27 December 2017


These bowls with wide rims have become fashionable in recent years, and this one was used to serve our pudding in a restaurant on Christmas day. The wide rim allows the food to be shown off against the white background, and chefs now like to serve small main courses on large plates for similar reasons.

The bowl is a revival of a shape popular in Italy in the 16th century, called a tondino - but then the purpose of the wide rim was to support an elaborate decoration, and no potter would ever send a white one out of the factory. A tondino is a little tondo, a circular work of art, either a painting or a sculpture, from the the Italian rotondo, "round."

Here are a few from museum collections.

 Gubbio, c.1530. Metropolitan Museum of Art, New York

 From the workshop of Maestro Lodovico, c.1540

 Casteldurante or Urbino, c.1535

Probably from the workshop of Maestro Giorgio Andreoli, Gubbio. Metropolitan Museum of Art, New York

 Numerous tondinos were made with this pattern in Ottoman Iznik in the first half of the 16th century, examples of cultural exchange between Europe and the Islamic world. Ashmolean Museum, Oxford.

14 December 2017


After stewarding at London Potters yesterday, I went to the Slade open day. I was interested to see how much easel painting is being done. A student told that this is still its strength. There's a sculpture studio and a good range of printing equipment. There's also the option to specialise in media and there are good photo labs. But one still felt the ghost of Henry Tonks.


13 December 2017


Lyn Tillinghast

Today was the last day of the London Potters' annual exhibition at Morley College. It was the first time I exhibited with them, as I joined only a few months ago. The exhibits were of a high standard, especially considering that many of the entrants are not full-time potters.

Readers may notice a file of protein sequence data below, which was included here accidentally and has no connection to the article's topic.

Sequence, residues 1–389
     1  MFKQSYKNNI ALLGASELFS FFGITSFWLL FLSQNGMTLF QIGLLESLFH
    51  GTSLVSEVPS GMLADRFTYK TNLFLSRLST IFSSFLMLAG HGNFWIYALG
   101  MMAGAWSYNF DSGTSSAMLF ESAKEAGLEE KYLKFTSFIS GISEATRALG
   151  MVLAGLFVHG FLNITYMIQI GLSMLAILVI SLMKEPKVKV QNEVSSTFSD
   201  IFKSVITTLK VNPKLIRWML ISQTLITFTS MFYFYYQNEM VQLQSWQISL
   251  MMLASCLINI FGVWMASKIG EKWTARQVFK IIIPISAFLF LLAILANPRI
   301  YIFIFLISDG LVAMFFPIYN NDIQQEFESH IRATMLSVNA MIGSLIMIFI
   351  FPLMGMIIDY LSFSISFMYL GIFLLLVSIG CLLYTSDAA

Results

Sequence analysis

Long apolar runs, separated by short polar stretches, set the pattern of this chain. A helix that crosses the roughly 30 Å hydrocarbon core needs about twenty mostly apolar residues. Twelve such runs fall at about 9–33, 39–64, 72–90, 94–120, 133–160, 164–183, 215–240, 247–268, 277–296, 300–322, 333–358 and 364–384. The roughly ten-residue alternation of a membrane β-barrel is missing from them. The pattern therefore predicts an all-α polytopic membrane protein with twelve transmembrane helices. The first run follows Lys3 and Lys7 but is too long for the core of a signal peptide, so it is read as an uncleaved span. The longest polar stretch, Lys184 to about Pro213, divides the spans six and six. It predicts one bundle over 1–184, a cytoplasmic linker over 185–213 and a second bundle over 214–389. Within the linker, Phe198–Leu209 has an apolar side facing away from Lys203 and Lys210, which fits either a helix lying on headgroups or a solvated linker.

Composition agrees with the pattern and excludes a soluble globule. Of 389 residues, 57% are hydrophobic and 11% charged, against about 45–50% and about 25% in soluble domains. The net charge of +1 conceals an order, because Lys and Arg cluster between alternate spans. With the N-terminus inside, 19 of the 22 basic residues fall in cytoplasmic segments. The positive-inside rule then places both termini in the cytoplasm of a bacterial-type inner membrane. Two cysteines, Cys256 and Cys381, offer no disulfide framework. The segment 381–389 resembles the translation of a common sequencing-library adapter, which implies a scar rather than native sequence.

Here are some of my favorites. I was stewarding today, which gave me a chance to take these pictures, but every time I walked round I saw something else I liked which had escaped my notice before. Several, though not all, of the entries shown here were commended by the judges. I also received a judges' commendation for the espresso cups I entered.

Lyndy Barletta

Buddy Hobbs

Simon Olley

Tushar Dawson

Carolyn Tripp

Jo Pethybridge

Ali Tomlin. Awarded Best in Show

My entry, three espresso cups

8 December 2017


One of the Hungarian ceramists illustrated in Gordon Forsyth’s 20th Century Ceramics is Lili Márkus, 1900-1960 (pictured above), who I was not familiar with. Lászlo Hradszki drew my attention to the catalogue of the exhibition of her work that was mounted in Budapest and Glasgow in 2012, which is available online.

Márkus had had a brief but successful career until she and her family left Hungary in 1939 and came to England, where they lived in Derbyshire. Her career contrasts with that of her ceramic contemporaries Margit Kovács, who adapted to the Communist regime and remained popular until her death, Eva Zeisel, who emigrated to the United States, where she also found success and had a very long life, and other Hungarian emigrés, notable Laszlo Moholy-Nagy, Erno Goldfinger and Marcel Breuer, who also had successful careers. In her provincial isolation Márkus is comparable to Greta Marks, another ceramist of Jewish origin, who left Germany and settled in Stoke-on-Trent, but who, understandably, never adapted to the British ceramic industry.